Claudius and Macbeth: A Comparison between a Villain and a Tragic-Hero
This article compares Claudius who is generallyconsidered as a tragic villain with the tragic hero Macbeth and brings out the astonishing similarities between them. Both of these tragic characters are driven by their ambition to become the head of their land. This tragic flaw created havocfor them and others involved with them in their personal and public life. The positive qualities of Claudius and Macbeth can make the readers feel that these characters deserve the kingship than anyone else. They are true to themselves andfeel guilty for their murderous act. They have similar flaws, hubris, insolence and bravado. This article demonstrates how the reading of Shakespeare’s Hamlet and Macbeth from acounter perspective brings out an interesting revelation about the two tragic figures namely Claudius and Macbeth who are generally considered as poles apart from each other since theyare seen from one particular angle negating or turning blind to the possibility of other perceptions.
Tragedy; Tragic villain; Tragic hero; Tragic flaw; Shakespeare; Macbeth; Claudius; ambition; hubris; insolence; murder; perspectives
JLCMS [ISSN: 0974-7192 (Print)]
Hubris in Macbeth is the result of his confidence in the witches' prophecies. Throughout the play, they tell him what he wants to hear, and as a result, he believes he is indestructible. He is especially taken by the prophecy that "no man of woman born" was capable of destroying him, and that he could not be defeated until "Birnam Wood" marched up the hill to his palace. He hangs his hat, as it were,...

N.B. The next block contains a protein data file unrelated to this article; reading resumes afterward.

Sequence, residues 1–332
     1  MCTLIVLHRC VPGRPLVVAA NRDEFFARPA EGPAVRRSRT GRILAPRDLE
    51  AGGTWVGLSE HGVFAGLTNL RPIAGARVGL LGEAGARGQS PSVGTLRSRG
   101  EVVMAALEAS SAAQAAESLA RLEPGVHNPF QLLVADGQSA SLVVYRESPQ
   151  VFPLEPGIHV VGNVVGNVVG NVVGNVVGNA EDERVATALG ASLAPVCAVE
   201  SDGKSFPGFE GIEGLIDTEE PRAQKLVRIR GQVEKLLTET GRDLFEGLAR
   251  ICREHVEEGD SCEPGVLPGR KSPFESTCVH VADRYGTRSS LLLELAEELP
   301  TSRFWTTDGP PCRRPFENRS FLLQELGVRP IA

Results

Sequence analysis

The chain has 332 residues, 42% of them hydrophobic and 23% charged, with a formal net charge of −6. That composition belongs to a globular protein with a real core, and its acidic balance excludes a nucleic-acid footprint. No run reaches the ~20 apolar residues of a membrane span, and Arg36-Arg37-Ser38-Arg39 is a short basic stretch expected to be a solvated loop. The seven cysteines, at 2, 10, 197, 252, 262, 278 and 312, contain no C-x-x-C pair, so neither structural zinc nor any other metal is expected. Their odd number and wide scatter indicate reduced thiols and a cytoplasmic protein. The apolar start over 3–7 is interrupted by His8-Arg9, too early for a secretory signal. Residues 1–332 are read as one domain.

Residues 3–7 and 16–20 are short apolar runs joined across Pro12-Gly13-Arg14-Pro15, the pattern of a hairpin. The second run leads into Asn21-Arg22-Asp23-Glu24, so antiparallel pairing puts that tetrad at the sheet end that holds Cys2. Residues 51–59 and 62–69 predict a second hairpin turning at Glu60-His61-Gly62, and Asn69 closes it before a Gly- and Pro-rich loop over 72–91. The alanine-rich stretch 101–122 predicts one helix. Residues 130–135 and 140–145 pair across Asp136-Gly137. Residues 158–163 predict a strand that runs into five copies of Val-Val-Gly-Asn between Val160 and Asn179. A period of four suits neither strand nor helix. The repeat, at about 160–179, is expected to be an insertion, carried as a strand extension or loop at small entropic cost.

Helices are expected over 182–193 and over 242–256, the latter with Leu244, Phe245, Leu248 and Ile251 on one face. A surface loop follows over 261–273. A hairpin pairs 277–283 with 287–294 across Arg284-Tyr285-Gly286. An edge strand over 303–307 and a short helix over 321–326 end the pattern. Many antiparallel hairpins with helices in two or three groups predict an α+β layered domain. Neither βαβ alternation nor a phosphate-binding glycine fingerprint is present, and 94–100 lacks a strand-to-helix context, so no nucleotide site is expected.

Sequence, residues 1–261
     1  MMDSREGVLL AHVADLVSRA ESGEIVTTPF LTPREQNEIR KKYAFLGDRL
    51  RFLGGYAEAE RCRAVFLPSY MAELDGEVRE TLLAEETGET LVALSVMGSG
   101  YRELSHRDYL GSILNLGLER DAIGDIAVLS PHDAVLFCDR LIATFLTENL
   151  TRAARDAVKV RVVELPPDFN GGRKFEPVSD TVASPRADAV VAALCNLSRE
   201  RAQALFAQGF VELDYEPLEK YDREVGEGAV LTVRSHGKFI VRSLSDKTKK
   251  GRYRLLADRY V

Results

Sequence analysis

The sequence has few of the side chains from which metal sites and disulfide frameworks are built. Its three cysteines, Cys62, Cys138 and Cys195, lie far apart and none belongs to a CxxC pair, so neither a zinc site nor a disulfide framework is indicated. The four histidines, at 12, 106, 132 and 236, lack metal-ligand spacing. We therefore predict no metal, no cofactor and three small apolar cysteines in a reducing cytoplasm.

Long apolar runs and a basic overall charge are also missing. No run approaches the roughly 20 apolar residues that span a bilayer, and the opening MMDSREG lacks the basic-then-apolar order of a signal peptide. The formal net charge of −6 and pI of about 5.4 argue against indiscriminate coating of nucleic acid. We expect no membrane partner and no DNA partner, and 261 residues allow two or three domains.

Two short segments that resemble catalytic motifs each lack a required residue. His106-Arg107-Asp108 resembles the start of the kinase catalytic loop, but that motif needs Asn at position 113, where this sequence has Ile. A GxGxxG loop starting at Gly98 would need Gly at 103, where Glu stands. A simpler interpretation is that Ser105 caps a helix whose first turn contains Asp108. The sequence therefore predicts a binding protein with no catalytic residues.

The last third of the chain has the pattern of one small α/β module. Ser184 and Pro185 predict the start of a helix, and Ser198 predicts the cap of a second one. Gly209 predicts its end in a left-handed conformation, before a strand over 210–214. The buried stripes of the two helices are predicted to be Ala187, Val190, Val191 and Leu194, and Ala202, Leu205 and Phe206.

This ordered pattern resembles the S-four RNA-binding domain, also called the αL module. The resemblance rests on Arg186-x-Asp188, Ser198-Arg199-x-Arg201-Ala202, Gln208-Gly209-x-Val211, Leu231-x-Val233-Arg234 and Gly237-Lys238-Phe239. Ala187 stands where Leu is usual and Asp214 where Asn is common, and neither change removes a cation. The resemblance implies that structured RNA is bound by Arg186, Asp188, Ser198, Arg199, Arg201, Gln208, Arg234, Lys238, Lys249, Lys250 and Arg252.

Hubris in Macbeth is the result of his confidence in the witches' prophecies. Throughout the play, they tell him what he wants to hear, and as a result, he believes he is indestructible. He is especially taken by the prophecy that "no man of woman born" was capable of destroying him, and that he could not be defeated until "Birnam Wood" marched up the hill to his palace. He hangs his hat, as it were, on each of these cryptic statements, and it turns out that this is a big mistake. We see how confident he is at the beginning of Act V, Scene 3, when he says:
Till Birnam Wood remove to Dunsinane
I cannot taint with fear. What's the boy Malcolm?
Was he not born of woman? The spirits that know
All mortal consequences have pronounced me thus:
“Fear not, Macbeth; no man that's born of woman
Shall e'er have power upon thee.” Then fly, false thanes,
And mingle with the English epicures!
He is stunned to learn, in Scene 5, that Birnam Wood is indeed advancing on Dunsinane. Malcolm's me, it turns out, have cut branches off of trees, and are marching on the palace carrying them in front of them to obscure their numbers. It looks like the forest itself is marching to destroy Macbeth. Shortly thereafter, he is still somewhat confident in his success when he says a line that turns out to be the height of hubris, telling Macduff that he has "a charmed life, which must not yield/To one of woman born." Macbeth replies that he, in fact, was not "of woman born," but was actually "untimely ripp'd." In other words, he was not born naturally, but by Caesarian section. So Macbeth's confidence in his "charmed life" and the witches' prophecies turned out to be completely misplaced. This is, in short, hubris.